“It’s a challenge just because we haven’t worked together and guys are just coming in,” McGlynn said of the ever-changing line. “It’s tough, but there’s not going to be any excuses come Sunday.”

Justice was a full participant at practice on Wednesday and his return to the line would give the Colts another veteran presence to protect Luck.


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Injuries Force Colts Offensive Line to Show Versatility

Posted by Chuck Chapman on September 16, 2012 – 9:58 pm

Heading into the 2012 season, the Colts offensive line was full of question marks. How quickly would the new starters like Winston Justice and Samson Satele gel with Anthony Castonzo and the other returning Colts’ linemen? Could this unit that lacked depth stay healthy enough to keep prize quarterback Andrew Luck healthy?

Already two games into the season, we seem to have an answer to those questions. After struggling against the Chicago Bears in week one, the Colts faced down injury and showed their versatility and their resolve in the 23-20 win against the Minnesota Vikings.

The news wasn’t good to begin the game, with starting right tackle Winston Justice being declared inactive with the lingering effects of a concussion suffered last week. In his place, veteran Jeff Linkenbach stepped up into a starting role he previously held. If the best compliment to an offensive lineman is never hearing your name called, Linkenbach had a successful day. He and the rest of the Colts’ line held the Vikings, one of the NFL’s best units at rushing the passer, to two sacks, one of which was more a result of Andrew Luck holding the ball too long than the line’s inability to protect him.

Leading that effort was second year left tackle Anthony Castonzo. A week after facing the Bears’ Julius Peppers, Castonzo lined up across from the Vikings’ Jared Allen most of the afternoon. The Vikings defensive end already ranks 20th all-time on the NFL’s sack list. Thanks to Castonzo, Allen couldn’t add to that number on Sunday.

After the game, Castonzo was proud of the effort put forth by him and his linemates:

“It’s really awesome to start of the year that way, with two elite pass rushers…I feel like I held my own against both. It’s a great launching pad for the rest of the season.”

On the shift in personnel required by Justice’s injury and Samson Satele going out with a knee injury just before the half, Castonzo said he was confident in the abilities of those pressed into action.

“Next man up is our motto. Somebody gets hurt, the next guy has to come up and do the job.”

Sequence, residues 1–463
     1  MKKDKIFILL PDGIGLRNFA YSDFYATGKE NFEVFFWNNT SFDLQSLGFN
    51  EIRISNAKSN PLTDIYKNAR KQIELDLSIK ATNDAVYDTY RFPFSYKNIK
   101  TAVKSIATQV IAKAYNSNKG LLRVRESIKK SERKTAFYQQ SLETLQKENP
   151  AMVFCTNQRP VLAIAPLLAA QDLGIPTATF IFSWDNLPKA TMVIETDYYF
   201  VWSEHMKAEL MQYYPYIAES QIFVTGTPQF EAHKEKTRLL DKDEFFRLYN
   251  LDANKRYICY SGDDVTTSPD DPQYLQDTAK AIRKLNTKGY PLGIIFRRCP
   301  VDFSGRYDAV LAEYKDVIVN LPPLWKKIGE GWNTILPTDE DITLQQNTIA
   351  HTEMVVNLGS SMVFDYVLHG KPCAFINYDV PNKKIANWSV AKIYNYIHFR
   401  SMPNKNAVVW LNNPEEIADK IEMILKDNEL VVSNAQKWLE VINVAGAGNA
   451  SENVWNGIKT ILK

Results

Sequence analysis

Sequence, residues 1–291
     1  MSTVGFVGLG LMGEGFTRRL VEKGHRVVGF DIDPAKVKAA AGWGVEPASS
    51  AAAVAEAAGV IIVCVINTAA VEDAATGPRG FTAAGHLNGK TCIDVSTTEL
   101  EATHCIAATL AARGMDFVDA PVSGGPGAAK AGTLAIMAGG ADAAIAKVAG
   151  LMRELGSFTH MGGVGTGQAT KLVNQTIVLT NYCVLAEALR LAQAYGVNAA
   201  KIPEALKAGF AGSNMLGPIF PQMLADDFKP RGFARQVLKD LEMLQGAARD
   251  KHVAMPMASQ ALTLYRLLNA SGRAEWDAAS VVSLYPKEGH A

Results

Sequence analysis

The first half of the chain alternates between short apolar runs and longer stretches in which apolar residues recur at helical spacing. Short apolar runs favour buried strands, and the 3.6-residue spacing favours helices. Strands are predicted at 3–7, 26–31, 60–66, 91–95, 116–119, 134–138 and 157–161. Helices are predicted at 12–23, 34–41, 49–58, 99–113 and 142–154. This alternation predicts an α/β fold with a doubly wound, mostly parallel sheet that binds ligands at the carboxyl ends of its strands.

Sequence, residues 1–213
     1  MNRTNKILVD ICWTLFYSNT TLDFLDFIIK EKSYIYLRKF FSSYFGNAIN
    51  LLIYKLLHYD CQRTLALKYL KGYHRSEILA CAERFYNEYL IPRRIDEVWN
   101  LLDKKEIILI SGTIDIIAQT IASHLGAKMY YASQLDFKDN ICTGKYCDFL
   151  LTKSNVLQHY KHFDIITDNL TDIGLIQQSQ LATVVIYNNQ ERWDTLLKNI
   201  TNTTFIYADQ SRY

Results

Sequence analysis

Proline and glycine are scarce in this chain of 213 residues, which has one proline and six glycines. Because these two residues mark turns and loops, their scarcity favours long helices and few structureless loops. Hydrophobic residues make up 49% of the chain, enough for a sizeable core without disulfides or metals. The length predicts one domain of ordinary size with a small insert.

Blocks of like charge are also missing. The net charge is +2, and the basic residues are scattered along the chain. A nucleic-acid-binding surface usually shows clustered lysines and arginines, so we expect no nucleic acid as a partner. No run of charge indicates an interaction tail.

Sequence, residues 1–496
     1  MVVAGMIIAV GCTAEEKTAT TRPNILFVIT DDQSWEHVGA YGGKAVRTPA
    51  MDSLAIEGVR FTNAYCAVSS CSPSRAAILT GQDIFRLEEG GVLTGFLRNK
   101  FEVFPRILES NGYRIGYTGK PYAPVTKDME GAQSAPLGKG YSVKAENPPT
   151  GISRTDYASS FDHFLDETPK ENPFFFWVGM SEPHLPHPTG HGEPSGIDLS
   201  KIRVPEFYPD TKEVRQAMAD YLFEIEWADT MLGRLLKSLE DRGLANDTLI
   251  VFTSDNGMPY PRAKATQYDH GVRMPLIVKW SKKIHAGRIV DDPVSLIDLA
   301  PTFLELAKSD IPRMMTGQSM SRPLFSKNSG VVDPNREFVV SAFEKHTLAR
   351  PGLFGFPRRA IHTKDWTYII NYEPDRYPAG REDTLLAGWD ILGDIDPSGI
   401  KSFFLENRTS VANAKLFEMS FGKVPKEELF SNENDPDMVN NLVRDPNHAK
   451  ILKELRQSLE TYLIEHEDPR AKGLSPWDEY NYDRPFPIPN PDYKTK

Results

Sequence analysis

One who did two jobs on Sunday was Mike McGlynn. McGlynn started at guard, but when Satele went down, he moved over to center, a position he hadn’t played since a playoff game against Green Bay in 2010 when he was a member of the Philadelphia Eagles. McGlynn felt good about his performance, but admitted it was a challenge for him to take over that role in the middle of a game after not getting many reps there during the week.

“It’s a big transition because you have to direct the line, which directs the whole offense. It’s something I’ve always been comfortable with (playing center)…I think I did some good things, but I’m sure I’ll see on film some things that need to get fixed.”

The extent of Satele’s injury is unknown at this time, so it’s unclear whether McGlynn will be back at center next week against Jacksonville. McGlynn’s move to center also brought in newcomer Trai Essex who filled in competently at guard.

Both Andrew Luck and Bruce Arians have to be encouraged by the progress and versatility shown by their offensive line in the Colts’ initial victory of 2012.

 


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SOME NOTES ON THE BENGALS

Posted by Kevin Bowen on August 29, 2012 – 8:17 am

-Similar to the Colts, the Bengals are fighting injuries heading into the preseason finale. The Bengals held 16 players out of action against the Packers last week.

-That number included defensive end Carlos Dunlap, linebacker Rey Maualuga, and cornerbacks Jason Allen, Adam Jones, and Dre Kirkptarick.

-In last week’s 27-13 loss against the Packers, quarterback Aaron Rodgers was 12-of-22 for 154 yards, an interception and two rushing touchdowns.

-Bengals outside linebacker Dontay Moch leads the NFL with 3.5 sacks through three games of the preseason. Colts linebacker Jerry Hughes is right on his heels with 3.0 sacks.

-The Colts and Bengals is the closest geographical matchup among cities in the AFC at 110 miles. The Browns and Steelers come second at 137 miles.

-The Colts and Bengals have met in the preseason in 20 of the 21 past seasons.

-Former Colts defensive end Jamaal Anderson (2011) is now with the Bengals.

-Colts general manager Ryan Grigson was drafted by the Bengals in 1995.

-Colts offensive guard Mike McGlynn (2011), cornerback Korey Lindsey (2011) and defensive tackle Jason Shirley (2008-2011) all spent time with the Bengals.

-New Colts wide receiver Kashif Moore was cut earlier this week by the Bengals


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ARIANS TALKS PRESEAON OPENER, LUCK, BALLARD AND INJURIES

Posted by Kevin Bowen on August 15, 2012 – 9:21 am

The start couldn’t have been scripted much better for offensive coordinator Bruce Arians.

One play. Twelve seconds. Sixty-three yards and a touchdown for the first offensive snap of the 2012 preseason.